Saturday, January 7, 2017

Twenty-five great jazz baritone saxophone performances

Ronnie Cuber
The cumbersome and often unwieldy baritone saxophone has long been relegated to the position of a shadowy stepchild to its more grandiloquent brothers, the tenor and alto saxophones, in jazz music. A low register behemoth that requires voluminous breath, careful control and formidable stamina, it has been used primarily in jazz orchestras to produce those low resonant notes that bring the bottom end to life in modern jazz orchestra arrangements.

Prominently used in the great jazz orchestras of Duke Ellington and Count Basie, the baritone saxophone was played by the great Harry Carney in the Ellington band and by Jack Washington in the Basie band. Carney, with his incredible use of circular breathing and his pure uncluttered tone, is widely recognized as having been a pioneer on the instrument, bringing the baritone out of the obscurity of the saxophone section and into the limelight as a solo instrument. Using Carney and to a lesser extent Washington as inspiration, baritone players started to experiment with the versatility of this instrument.

In the forties and fifties Serge Chaloff pioneered the bebop sound on the big horn with his solo work and as one of the infamous “Four Brothers” saxophone section in Woody Herman’s Second Herd. Saxophonist Leo Parker continued this path finding his niche playing a boppish, blues inspired horn and Cecil Payne was known for the warmth and heartiness of his sound which was partially inspired by his work with Dizzy Gillespie. The diametrically opposed styles of the cool school innovator Gerry Mulligan and the fleet, hearty work of Pepper Adams brought the baritone front and center and undoubtedly inspired the next generation of players.

The instrument has gone through a dramatic metamorphosis in the hands of avant-garde players like Hamiett Blueitt, impressionistic players like John Surman and Colin Stenson, and free players like Ken Vandermark and Mats Gustafsson. But the tradition has been revered, expanded and enhanced by such great hard bop, modernistic players including the incendiry Ronnie Cuber, Nick Brignola, Dennis DiBlasio, the remarkable James Carter, Xavier Richardeau and the modern master Gary Smulyan. Meanwhile the future looks bright with young stars like Alain Cuper, the creative  Brian Landrus, Claire Daly, Frank Basile, Lauren Sevian and Jason Marshall.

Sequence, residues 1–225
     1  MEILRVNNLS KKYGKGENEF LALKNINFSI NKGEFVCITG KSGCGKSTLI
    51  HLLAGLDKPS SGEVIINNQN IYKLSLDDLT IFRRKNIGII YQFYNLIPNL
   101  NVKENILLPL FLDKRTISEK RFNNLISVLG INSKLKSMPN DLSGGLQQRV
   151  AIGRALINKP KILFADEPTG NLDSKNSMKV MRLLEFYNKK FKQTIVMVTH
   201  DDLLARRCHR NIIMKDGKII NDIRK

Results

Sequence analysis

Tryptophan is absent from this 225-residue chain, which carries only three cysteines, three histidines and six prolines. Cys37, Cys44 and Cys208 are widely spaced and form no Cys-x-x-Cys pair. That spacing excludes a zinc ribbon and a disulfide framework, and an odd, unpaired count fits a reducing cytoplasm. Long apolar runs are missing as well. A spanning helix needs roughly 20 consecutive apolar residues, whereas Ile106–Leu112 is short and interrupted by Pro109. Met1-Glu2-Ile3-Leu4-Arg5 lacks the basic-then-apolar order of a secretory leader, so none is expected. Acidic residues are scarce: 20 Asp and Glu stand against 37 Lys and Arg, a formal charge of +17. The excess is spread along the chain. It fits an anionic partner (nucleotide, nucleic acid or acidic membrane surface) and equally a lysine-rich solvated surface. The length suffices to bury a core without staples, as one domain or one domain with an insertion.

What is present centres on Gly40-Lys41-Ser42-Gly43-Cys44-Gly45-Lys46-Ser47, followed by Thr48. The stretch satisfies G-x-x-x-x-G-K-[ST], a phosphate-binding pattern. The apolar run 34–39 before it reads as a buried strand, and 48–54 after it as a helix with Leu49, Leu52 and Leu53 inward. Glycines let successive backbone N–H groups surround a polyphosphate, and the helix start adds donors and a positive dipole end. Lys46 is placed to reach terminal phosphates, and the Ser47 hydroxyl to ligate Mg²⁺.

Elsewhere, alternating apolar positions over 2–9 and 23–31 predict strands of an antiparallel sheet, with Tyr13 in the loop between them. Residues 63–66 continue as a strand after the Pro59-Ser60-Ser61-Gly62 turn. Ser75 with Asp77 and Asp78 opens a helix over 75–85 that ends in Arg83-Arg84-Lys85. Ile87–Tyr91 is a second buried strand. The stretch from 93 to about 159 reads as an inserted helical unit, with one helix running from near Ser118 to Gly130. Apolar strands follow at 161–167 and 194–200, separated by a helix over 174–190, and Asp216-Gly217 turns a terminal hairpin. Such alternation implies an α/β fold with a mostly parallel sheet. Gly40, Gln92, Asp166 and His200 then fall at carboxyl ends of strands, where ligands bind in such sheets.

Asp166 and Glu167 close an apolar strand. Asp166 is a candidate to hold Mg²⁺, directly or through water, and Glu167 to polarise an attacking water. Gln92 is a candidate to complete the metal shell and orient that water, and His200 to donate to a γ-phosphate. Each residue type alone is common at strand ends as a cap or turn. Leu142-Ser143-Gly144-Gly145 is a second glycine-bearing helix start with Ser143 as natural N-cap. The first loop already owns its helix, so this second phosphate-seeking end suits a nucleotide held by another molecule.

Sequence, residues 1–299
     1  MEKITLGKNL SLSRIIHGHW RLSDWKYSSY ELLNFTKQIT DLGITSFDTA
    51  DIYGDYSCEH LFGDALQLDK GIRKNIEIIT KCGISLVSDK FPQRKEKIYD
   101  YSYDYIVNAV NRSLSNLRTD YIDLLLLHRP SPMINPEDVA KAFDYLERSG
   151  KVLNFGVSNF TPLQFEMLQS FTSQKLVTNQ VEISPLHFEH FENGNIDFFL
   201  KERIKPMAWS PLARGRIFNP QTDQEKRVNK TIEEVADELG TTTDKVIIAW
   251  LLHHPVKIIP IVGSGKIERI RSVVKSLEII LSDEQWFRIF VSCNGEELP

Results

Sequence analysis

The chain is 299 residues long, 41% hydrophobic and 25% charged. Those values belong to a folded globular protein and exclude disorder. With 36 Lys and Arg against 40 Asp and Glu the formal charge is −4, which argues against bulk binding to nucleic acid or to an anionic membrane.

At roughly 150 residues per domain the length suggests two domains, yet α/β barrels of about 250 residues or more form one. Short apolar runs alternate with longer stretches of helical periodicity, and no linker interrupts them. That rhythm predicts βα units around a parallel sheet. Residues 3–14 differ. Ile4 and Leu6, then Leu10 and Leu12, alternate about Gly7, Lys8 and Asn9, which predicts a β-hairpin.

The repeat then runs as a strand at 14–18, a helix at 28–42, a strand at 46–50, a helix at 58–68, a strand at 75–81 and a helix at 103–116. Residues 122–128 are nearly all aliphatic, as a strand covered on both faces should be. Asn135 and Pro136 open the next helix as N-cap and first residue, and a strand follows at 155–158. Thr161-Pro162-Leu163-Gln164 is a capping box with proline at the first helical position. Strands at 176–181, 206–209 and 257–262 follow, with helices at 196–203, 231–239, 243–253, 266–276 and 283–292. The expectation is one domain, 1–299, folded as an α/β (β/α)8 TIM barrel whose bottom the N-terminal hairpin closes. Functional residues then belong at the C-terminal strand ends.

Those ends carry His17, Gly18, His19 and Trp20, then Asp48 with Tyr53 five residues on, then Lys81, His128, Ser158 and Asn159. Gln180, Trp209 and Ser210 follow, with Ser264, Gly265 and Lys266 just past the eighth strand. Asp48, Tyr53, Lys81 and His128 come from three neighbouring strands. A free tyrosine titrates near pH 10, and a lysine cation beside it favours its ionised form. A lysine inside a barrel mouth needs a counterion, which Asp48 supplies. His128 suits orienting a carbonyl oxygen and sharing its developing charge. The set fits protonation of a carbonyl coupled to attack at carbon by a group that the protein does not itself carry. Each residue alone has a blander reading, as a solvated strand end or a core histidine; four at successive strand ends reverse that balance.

Since the instrument has been such an important part of the saxophone sections of so many great bands over the years, it is important not to forget those players who have made such an important contribution to this music on this instrument, while never seeing the spotlight. Many of their work is timelessly hidden in the seamless perfection of the band’s signature sound, a sound of a saxophone section as a singular voice. Some have done double duty on baritone and other reed instruments. So let’s’ not forget the work of the previously mentioned Jack Washington who worked with Basie; Charlie Fowlkes, who played in the bands of Arnett Cobb, Lionel Hampton and Count Basie; Ernie Caceres, who at times played with Woody Herman, Tommy Dorsey and Benny Goodman; Laurdine “Pat” Patrick who played with John Coltrane, Thelonious Monk and spent forty years in Sun Ra’s Arkestra; Haywood Henry who played with the Esrkine Hawkins band; Glen Wilson, who teaches and has toured with Buddy Rich and the Bob Belden Ensemble;  Jack Nimitz, who played with Woody Herman, Stan Kenton, Oliver Nelson and Herbie Mann; Danny Bank who played in Artie Shaw's, Oliver Nelson's and countless other bands and was heard on numerous studio sessions. Carl Maraghi who played with “Doc” Severinsen’s Band and presnetly works in Darcy James Argue’s Secret Society band. Ed Xiques who has played in the Thad Jones/Mel Lewis Big Band and is not a part of the Westchester Jazz Orchestra and George Barrow, who played with Oliver Nelson’s orchestra. Other great multi-instrumentalists that double regularly on the baritone as part of their reed work include the inimitable Scott Robinson with Maria Schneider’s Orchestra, avant-garde multi-instrumentalist Vinnie Golia and  the versatile Howard Johnson whose principal instrument is Tuba.